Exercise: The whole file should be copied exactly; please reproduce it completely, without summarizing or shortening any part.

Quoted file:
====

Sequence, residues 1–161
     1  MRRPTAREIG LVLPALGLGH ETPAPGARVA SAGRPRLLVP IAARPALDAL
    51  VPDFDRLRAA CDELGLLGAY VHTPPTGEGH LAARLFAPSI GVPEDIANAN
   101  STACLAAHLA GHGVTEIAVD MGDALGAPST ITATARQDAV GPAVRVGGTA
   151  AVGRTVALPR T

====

Sequence, residues 1–161
     1  MRRPTAREIG LVLPALGLGH ETPAPGARVA SAGRPRLLVP IAARPALDAL
    51  VPDFDRLRAA CDELGLLGAY VHTPPTGEGH LAARLFAPSI GVPEDIANAN
   101  STACLAAHLA GHGVTEIAVD MGDALGAPST ITATARQDAV GPAVRVGGTA
   151  AVGRTVALPR T